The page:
If you CAN justify pooling, then you have to reweight somehow, at least to compensate for the arbitrary variation in the sizes of the samples. The two main options would be to reweight so that the total weight is the same for each country or survey (as with the U.S. Senate) or the total weight for each survey is proportional to the population of the country, e.g. the estimated number of women 1549 at the time of the survey (as with the U.S. House of Representatives.




Re: Merging data files in Stata [message #2125 is a reply to message #2120] 
Tue, 06 May 2014 09:33 
BridgetteDHS
Messages: 1763 Registered: February 2013

Senior Member 


Here are comments from Tom Pullum:
Dear AhmedI do not like unnecessary complexity either, but the choice of the model depends on many things, including the level of measurement of the outcome variable (for example, is it an intervallevel variable, or binary, or a count), and the sampling design (for example, is it a multistage cluster sample and were weights used). OLS normally refers to an intervallevel outcome and a simple random sample (srs)that is, the simplest possible situation. For most DHS users the outcome is NOT interval level, and the sample is never srs.
Please say a little more about what you propose to do after you pool several surveys from the same country? What is your research question? What is your outcome variable?





Re: Merging data files in Stata [message #2218 is a reply to message #2210] 
Wed, 28 May 2014 09:21 
BridgetteDHS
Messages: 1763 Registered: February 2013

Senior Member 


Following is another response from Tom Pullum:
With four surveys from the same country, my suggestion of multilevel analysis would not apply.
Your outcome or dependent variable is whether the child died before the first birthday (0=no, 1=yes). Some predictors of interestbirth attendants and place of deliveryare usually available for all children born in the past five years. Others, such as antenatal care, are usually only available for the youngest child born in the past five years. You have to be careful because of the fact that the subgroup of youngest children usually has a better chance of surviving than the other children born in the past five years (the youngest child tends to have a longer preceding birth interval). You also have to take into account that children born less than a year before the survey have not had full exposure to the risk of dying before the first birthday, i.e. are censored.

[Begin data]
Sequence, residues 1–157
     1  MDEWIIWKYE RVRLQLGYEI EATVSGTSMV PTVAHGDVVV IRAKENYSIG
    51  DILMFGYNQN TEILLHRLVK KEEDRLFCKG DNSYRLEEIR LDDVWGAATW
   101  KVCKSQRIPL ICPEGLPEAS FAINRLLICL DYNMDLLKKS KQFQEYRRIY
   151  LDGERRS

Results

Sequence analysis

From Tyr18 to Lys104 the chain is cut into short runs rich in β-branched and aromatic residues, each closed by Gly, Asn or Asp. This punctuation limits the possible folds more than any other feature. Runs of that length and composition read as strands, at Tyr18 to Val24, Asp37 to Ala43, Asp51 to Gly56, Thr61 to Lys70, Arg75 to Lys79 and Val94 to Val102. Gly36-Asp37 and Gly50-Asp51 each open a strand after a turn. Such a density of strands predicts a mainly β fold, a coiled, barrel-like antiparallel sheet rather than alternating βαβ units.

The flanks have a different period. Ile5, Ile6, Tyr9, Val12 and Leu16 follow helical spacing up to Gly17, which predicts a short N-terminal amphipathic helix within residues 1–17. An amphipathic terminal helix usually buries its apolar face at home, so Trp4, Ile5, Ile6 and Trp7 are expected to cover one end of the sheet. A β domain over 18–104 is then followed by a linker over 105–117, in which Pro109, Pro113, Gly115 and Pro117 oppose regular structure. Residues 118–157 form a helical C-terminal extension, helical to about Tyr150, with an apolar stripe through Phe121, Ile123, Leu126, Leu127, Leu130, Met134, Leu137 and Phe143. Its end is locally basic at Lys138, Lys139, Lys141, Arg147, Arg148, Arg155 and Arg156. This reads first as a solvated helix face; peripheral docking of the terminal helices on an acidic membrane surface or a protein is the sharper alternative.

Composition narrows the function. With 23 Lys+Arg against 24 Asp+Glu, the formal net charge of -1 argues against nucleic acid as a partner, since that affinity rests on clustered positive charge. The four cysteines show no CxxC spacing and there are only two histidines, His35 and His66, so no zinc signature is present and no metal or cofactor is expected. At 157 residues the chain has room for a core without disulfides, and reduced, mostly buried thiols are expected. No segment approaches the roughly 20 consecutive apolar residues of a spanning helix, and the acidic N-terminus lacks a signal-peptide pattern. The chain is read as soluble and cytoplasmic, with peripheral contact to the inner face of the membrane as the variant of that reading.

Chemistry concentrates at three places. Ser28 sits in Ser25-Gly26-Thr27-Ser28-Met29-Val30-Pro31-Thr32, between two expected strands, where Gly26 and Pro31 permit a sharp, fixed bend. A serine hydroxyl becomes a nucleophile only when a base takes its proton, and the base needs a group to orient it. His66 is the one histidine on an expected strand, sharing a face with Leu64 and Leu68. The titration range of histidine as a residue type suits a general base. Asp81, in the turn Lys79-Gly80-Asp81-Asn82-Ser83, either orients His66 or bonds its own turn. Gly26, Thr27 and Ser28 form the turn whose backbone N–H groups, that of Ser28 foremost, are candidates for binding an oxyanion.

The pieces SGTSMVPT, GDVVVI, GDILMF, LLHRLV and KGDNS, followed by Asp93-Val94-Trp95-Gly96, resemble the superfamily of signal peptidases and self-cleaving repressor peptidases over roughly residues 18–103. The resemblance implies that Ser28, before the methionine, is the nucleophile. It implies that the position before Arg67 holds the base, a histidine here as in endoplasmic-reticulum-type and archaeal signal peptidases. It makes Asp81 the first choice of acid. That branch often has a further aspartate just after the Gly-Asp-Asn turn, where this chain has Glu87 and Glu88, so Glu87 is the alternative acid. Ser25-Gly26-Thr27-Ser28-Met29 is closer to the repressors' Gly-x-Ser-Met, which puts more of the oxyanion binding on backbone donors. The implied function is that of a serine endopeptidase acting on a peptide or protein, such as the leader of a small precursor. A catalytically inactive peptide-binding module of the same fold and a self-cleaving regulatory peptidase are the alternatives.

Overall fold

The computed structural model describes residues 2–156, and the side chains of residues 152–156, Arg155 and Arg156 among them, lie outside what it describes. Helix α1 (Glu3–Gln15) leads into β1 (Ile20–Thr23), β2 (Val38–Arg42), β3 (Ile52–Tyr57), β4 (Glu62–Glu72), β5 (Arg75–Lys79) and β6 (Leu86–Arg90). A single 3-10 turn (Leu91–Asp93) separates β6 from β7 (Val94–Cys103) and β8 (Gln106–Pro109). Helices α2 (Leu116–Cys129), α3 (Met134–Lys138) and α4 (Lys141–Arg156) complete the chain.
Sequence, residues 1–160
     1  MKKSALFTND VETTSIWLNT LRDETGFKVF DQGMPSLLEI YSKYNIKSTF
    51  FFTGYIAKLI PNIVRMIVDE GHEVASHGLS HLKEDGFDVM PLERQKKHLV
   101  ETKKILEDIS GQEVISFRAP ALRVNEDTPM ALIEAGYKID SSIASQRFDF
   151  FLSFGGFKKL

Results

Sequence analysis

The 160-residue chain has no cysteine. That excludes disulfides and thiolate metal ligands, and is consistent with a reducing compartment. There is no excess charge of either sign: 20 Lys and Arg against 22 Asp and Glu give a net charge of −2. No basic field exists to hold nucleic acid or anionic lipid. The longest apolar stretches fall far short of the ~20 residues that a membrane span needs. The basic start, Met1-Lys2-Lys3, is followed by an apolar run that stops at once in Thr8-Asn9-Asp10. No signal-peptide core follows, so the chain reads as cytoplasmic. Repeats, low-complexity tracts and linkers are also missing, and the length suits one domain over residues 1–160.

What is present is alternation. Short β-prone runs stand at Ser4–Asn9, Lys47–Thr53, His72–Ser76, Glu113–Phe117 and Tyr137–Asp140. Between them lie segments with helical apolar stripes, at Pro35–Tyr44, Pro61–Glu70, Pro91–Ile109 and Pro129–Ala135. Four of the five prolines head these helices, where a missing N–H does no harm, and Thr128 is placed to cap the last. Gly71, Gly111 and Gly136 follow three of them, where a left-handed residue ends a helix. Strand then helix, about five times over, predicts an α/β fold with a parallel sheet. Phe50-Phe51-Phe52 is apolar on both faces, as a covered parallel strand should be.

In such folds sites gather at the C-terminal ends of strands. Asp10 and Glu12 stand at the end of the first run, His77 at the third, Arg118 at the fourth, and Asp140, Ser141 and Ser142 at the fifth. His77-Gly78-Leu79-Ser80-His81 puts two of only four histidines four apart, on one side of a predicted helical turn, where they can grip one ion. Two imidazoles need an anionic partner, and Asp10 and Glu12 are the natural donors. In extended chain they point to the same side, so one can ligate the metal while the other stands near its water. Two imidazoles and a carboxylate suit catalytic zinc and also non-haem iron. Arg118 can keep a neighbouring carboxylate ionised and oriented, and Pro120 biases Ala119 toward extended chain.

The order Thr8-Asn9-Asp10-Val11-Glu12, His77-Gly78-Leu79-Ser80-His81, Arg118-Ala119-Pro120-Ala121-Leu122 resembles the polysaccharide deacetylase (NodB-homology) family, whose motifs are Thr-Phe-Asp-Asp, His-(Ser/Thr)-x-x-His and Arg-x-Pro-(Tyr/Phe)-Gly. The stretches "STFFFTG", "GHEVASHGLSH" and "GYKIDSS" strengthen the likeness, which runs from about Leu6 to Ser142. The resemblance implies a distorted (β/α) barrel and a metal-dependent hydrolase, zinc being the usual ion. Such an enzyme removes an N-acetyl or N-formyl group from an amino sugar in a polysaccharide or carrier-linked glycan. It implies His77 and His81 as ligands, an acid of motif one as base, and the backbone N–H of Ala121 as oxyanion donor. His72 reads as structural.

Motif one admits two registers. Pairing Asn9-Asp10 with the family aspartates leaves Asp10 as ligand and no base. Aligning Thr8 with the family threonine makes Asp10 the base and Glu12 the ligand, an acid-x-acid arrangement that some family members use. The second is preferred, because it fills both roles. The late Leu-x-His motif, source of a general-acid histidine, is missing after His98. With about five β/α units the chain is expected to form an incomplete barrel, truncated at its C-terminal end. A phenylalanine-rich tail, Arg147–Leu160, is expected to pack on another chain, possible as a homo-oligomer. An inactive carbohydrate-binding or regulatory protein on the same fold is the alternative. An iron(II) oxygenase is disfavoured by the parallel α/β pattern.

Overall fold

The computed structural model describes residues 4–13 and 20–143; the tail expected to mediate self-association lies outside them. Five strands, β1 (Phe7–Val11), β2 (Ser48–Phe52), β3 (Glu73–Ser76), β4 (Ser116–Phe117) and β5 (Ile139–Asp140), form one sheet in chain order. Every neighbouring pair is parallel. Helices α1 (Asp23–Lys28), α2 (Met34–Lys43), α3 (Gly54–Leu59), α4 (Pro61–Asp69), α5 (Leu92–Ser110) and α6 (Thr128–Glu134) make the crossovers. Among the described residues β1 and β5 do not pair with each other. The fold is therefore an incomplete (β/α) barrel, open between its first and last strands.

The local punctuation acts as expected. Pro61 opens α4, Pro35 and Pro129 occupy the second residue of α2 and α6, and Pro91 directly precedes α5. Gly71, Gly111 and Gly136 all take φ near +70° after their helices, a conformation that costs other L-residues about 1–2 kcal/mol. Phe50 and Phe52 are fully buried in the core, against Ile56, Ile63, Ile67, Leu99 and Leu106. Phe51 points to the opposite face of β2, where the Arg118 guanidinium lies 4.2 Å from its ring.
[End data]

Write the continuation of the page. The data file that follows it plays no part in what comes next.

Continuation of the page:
You should not do just a linear probability model. This is never recommended for a binary outcome, although the fact is that if the fitted probabilities are in the range from .3 to .7, approximately, then a model that is linear in the probabilities will agree pretty well with a model that is linear in the log odds (or logits). Since your probabilities are small, you should do a logit (or probit) model or a log probability model, which is basically equivalent to a hazard model or survival model. I assume you are using a statistical package, and it's easy to do it the right way.
Last year DHS did a Further Analysis report on neonatal mortality in Rwanda using the 2000, 2005, and 2010 surveys: http://dhsprogram.com/pubs/pdf/FA88/FA88.pdf. It may help.




Re: Merging data files in Stata [message #2227 is a reply to message #2218] 
Fri, 30 May 2014 09:53 
ahmed89o
Messages: 26 Registered: August 2013 Location: Germany

Member 


Many thanks for this. I have some comments here.
I am using Egypt DHS from 1995 to 2008 so if antenatal care is only for youngest child born in the last five years. How am getting the same number of observations for m2a and m3a? Am assuming that m2a must be less in such case but they are not?
"the subgroup of youngest children usually has a better chance of surviving than the other children born in the past five years (the youngest child tends to have a longer preceding birth interval)." can you please clarify a bit more.
LPM vs probit, my reference is Wooldridge (introductory to economitrics) he still recommending with some adjustments like Weight least square. I economics student not public health, as you may know that we are more into marginal effects than odds ratio. I found it complicated to calculate marginal effects for interaction terms either in stata or SPSS (I think SPSS cannot do it all). If you can advise how to get marginal effect correctly in stata I will be grateful.